During the early days of the app, once it finally made it across the pond to Germany, there were a few fiascos. Several of us Berliners (and the rest of the world) read about Bodo Ramelow, the leftwing leader of the German state of Thuringia, and the conversation he had that ended up in newspapers and online. The following morning, a meeting was held on Clubhouse by the German Press Association discussing the best way to handle content obtained from listening in on conversations which may be sensitive in nature. Absolutely brilliant!
What is our duty as journalists? I have thought about this a lot. I don’t have an answer because content is queen. The app was designed to allow people to start and engage in informal conversations. Conversations that are not recorded. If you want to record a conversation, you must make sure you inform your audience. Therefore you should talk freely – but not too freely.
It’s great to follow the right people, but the more people you follow, the more notifications you receive. My phone pings every at least every two minutes throughout the day. This very fact reminds me of my interconnectivity across the globe, but it also signals that people are using this app constantly. We’ve learned that social media has both positive and negative effects. That said, with the ability to hop in and out of rooms no matter your affiliation, one quickly recognises that many people are struggling with lockdown, some are suffering from isolation, while others create rooms full of hate. I think it may be time to hire a Chief Mental Health Officer.
A problem that seems to grow as the community grows is the relative lack of moderation. There are no bouncers or security guards here. It will be interesting to see how the company handles hate speech, inappropriate behaviour and those who overly self promote in the future. I’m curious to see what they do with that $100 million they just received. How will the creators benefit from this ‘audio expression’ app? It’s a fact that most of us have survived the pandemic thanks to creatives (filmmakers, actors, musicians, vocalists, writers) who are dispersed across the globe. The Clubhouse team should also hire country managers and artist relations professionals to manage regional differences and the amplification and preservation of creativity.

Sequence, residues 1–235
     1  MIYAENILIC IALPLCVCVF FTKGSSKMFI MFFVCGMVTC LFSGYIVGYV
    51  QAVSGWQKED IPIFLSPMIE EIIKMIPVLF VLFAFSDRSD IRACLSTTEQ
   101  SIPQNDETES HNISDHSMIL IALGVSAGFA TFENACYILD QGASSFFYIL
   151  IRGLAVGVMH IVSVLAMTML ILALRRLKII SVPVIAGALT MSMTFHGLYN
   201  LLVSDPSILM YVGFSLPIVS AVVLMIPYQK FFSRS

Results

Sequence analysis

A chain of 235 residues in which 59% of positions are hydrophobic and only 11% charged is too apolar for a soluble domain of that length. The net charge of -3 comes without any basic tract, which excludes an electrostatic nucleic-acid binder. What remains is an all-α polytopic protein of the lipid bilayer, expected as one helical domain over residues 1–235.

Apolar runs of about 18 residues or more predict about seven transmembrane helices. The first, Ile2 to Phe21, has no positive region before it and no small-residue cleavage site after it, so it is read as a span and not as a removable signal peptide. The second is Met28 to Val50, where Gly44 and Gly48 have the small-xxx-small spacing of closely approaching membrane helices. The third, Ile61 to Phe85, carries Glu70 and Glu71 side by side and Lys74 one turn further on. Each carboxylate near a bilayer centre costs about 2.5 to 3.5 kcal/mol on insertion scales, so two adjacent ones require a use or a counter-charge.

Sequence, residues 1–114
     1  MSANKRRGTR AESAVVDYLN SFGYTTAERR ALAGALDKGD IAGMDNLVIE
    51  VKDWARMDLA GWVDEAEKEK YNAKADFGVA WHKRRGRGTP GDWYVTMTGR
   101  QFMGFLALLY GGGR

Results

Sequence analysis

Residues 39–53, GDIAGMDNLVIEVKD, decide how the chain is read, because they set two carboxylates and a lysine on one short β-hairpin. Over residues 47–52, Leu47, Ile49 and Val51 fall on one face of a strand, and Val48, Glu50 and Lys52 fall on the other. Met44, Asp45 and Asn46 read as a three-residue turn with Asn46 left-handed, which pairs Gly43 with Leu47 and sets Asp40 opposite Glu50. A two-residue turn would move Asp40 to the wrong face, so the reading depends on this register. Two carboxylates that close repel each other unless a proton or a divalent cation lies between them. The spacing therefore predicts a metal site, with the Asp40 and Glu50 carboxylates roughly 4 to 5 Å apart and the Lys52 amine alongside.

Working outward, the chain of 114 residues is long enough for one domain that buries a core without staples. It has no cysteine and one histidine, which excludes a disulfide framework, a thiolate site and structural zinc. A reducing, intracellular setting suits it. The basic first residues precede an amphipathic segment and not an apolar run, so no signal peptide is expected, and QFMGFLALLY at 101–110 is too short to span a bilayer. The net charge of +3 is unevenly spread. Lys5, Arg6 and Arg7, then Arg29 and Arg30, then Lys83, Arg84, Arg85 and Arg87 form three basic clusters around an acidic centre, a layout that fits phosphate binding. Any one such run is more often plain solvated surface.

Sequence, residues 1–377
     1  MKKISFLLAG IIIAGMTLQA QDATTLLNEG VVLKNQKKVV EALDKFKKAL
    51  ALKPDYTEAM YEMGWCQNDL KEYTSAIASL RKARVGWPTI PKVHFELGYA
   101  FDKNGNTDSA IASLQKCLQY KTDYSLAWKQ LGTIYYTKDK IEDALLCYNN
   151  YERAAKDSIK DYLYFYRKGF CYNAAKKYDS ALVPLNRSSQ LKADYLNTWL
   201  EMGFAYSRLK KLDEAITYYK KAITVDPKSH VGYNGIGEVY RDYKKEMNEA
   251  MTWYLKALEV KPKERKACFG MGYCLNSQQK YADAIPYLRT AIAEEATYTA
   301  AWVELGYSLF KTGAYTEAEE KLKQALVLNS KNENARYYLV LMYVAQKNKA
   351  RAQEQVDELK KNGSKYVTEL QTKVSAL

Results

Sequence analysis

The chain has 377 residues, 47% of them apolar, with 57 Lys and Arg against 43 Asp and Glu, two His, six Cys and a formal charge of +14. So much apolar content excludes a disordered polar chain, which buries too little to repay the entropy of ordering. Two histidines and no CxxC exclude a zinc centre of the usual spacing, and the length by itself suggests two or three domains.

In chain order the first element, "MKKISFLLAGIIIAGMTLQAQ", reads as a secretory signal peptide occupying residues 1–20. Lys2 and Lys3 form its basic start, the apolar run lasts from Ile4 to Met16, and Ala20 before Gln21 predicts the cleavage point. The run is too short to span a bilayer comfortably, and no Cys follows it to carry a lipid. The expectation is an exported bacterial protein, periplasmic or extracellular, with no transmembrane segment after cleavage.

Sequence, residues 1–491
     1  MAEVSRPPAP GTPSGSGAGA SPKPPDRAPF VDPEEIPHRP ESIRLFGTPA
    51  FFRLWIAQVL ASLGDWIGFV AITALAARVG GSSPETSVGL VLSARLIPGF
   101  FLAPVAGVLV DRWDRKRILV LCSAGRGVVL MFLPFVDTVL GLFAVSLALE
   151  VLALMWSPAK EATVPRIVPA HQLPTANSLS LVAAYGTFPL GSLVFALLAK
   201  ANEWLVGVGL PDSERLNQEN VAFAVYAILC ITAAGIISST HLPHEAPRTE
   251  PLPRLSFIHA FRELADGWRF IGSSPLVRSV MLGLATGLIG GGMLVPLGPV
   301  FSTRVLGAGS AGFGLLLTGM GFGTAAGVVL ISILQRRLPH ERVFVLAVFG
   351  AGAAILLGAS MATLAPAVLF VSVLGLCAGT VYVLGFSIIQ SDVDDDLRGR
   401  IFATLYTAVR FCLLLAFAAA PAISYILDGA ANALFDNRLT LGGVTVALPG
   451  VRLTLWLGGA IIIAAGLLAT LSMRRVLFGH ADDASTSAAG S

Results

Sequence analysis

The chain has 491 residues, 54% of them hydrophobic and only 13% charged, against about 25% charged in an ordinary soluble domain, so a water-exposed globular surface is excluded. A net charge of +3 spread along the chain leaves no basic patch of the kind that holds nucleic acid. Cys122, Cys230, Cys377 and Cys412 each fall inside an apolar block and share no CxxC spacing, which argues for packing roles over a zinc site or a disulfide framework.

The power of social
Elon Musk’s appearance in late January forced some listeners and wannabe influencers to start overflow chat rooms and streaming on Youtube to hear Elon talk about space, crypto and the pandemic. Room capacity was only 5k when the tech mogul and founder of Tesla and SpaceX appeared on the “Good Time” show hosted by Sriram Krishnan (most recently made a partner at Andreessen Horowitz) and Aarthi Ramamurthy. This particular conversation on Clubhouse was sparked by Elon’s Reddit tweet “GameStonk”, which was linked to the then two million strong community of “wallstreetbets” and sent Gamestop stocks soaring 60%. Trading chaos ensued. At the time, Clubhouse chats took place on the role that technology plays in dismantling traditional industries and the lowering of barriers to access.
My favourite recap of Elon’s special appearance can be found via TechCrunch, and was written by Mike Butcher, one of the best tech journalists out there. Towards the end of the interview, Elon voiced up Robinhood Vlad Tenev and asked him point blank: “Why did you limit trading for your users, did you have to or did you do it just because?” Robinhood, a trading platform also invested in by A16Z, got caught up in the chaos, causing the founders to make an executive decision to temporarily limit the amount of Gamestop shares. Three days later it was reported that Robinhood had raised over $2.4 billion to scale and manage its growth.
It’s getting late, I’m heading home now
I’ve had a great experience at Clubhouse. I connected with friends old and new. My eyeballs have recovered a bit, my hands are rested now that I tell people to ping me via Clubhouse rather than writing WhatsApp, Instagram or Twitter messages. There are so many ways for people to reach someone these days. So, ladies, if you forgot to leave your number with the hot guy you met at the bar, trust me, you can get in touch with him – and he can get in touch with you. If you aren’t in touch with him, maybe you just weren’t that into him.
If you are in the Clubhouse, follow me @jewellsparks.
I have room for a lucky Exberliner reader. Reply to this article with your handle or send me an email with your name and why you think you would be a great companion to join me in the club. Until we meet again…